Thursday, November 26, 2015

HGB Podcast, Ep. 85 - The Legend of Indian Corn and Windigo

Moment in Oddity - The Phantom of Flatwoods

During the Summer of Saucers in 1952, three young boys saw something quite strange in Flatwoods, West Virginia. A UFO streaked through the sky and the boys watched it land at a nearby farm. Two of the boys were brothers and they ran home to tell their mother what they had seen. She went a grabbed a couple of neighbors and they all headed to the farm to see what the boys had been talking about. As they topped the hill near the farm, they saw a large ball of fire and smelled something that made their noses burn. One of the neighbors noticed something that looked like eyes in the darkness and he shone his flashlight in that direction. The light revealed a creature that hissed when the light hit it. The creature glided away from them and the witnesses took off running. They contacted the local sheriff, but he found nothing at the site. A reporter later found tracks and then started taking eyewitness accounts. It would seem that more than just the locals at this incident had seen the creature. Previously, a mother and daughter had seen a weird creature and smelled the weird ozone scent. Others would later report encounters. Witnesses claimed the creature was nearly ten feet tall and seemed to have a metallic or robot body. It's head was round and red and encircled by a cowl shaped like the ace of spades in a deck of cards. Two large orbs that glowed a greenish orange were thought to be its eyes. They called the entity the Phantom of Flatwoods or the Flatwoods Monster. Was this thing an alien or some other kind of weird creature? We'll never know, but it certainly was odd.

This Day in History - Great Storm of 1703

On this day, November 26th in 1703, the worst storm in British history ripped across East Anglia. The Great Storm of 1703 was a catastrophic hurricane with winds over 80mph that were able to lift men and animals off their feet. Two thousands chimneys were blown down in London alone and 400 windmills were destroyed. One hundred churches lost their lead roofs, including Westminster Abbey. Rain lashed the country and caused flooding. Daniel Defoe, who wrote "Robinson Crusoe," claimed that he witnessed a tornado snap the trunk of a large oak like it were a twig. Eight hundred homes were destroyed, 15,000 sheep drowned and 8,000 seamen were killed in shipwrecks. The Eddystone Rocks Lighthouse on Plymouth was wooden and so easily destroyed in the storm. The man who designed it, Henry Winstanley, was killed at that time along with five others. The storm was unprecendented and lasted a long time. It took months for the area to recover and a day of fasting was observed. Sermons for many years after would use the Great Storm as a part of some lesson to remind the people of humility.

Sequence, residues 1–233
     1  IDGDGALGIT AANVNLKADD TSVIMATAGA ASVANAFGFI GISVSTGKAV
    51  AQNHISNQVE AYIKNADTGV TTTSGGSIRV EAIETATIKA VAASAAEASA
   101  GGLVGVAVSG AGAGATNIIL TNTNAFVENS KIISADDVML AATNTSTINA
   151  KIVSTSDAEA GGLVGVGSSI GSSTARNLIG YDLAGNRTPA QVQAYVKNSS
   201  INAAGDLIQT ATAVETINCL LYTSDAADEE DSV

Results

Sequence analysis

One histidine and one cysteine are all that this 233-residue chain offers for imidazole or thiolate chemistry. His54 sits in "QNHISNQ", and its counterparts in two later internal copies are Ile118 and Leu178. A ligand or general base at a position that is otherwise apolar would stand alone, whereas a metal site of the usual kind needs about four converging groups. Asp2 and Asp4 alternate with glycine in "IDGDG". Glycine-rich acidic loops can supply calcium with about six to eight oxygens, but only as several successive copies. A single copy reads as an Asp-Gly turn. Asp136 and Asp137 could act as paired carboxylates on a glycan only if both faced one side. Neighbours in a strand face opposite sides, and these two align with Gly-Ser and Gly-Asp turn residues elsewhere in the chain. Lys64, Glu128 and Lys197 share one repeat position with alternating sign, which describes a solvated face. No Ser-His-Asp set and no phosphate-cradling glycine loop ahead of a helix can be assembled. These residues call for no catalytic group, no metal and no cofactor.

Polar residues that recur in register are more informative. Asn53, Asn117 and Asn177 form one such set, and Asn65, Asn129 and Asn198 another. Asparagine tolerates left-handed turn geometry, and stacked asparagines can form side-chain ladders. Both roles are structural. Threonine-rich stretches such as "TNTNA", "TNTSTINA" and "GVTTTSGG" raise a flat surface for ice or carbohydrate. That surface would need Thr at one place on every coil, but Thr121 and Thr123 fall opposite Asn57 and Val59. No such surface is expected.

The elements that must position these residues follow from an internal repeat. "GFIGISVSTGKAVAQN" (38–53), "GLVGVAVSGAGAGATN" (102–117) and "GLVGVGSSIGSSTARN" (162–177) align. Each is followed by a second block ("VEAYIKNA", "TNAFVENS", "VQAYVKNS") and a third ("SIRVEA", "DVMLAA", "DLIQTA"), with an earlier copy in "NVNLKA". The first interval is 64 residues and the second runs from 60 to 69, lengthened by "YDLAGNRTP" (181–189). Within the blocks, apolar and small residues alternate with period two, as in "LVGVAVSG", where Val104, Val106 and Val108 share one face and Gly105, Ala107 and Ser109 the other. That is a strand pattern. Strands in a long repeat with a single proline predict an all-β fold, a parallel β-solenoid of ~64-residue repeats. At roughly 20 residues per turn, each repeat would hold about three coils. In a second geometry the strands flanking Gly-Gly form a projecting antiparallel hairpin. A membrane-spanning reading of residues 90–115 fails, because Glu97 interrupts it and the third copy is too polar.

The Legend of Indian Corn and Windigo

The Ojibwa Native American tribe tells a legend about Indian corn that involves a member of their tribe. He lived with his family in what is today Wisconsin. It was imperative for the native people to be able to provide for themselves via hunting, but this Ojibwa man was a terrible hunter. His children were young and not of much help to him, but they enjoyed a good relationship and he was a very content man.

His eldest son grew strong and was of the same disposition as his father. The Ojibwa believed that each male had a special Guardian Spirit. When they approached adulthood they were sent on their Guardian Spirit Quest. This spirit would give the male a spirit name and special power. The eldest son set off on his quest and he worked on his first trial, which was to construct a hut. He chose an isolated location, so that his dreams would not be disturbed by anything. After building the hut, he began his seven day fast. He passed the time by taking walks in the woods and studying the plant life. He would walk far enough to ensure that he would be able to sleep soundly at night.

The eldest son would find himself wondering why the plants and trees around him were able to grow so well with no one caring for them. It occured to him that if his people could find the secret to this, then hunting would not be so important. After all, his father had a hard time providing for the family because his hunting skills were lacking. He decided that he would start asking for dreams about this secret. By the third day of his fast, he felt himself becoming weak. He decided to stay on his bed and he had a vision of a young man coming out of the sky. He was coming towards the eldest son and he was beautiful and strong. His clothing was adorned in yellows and greens. His walk was graceful and his head had a covering of magnificient feathers. He told the son that he was in fact his Guardian Spirit sent from the Great Spirit. He told the son that from now on he would be known as Wunzh.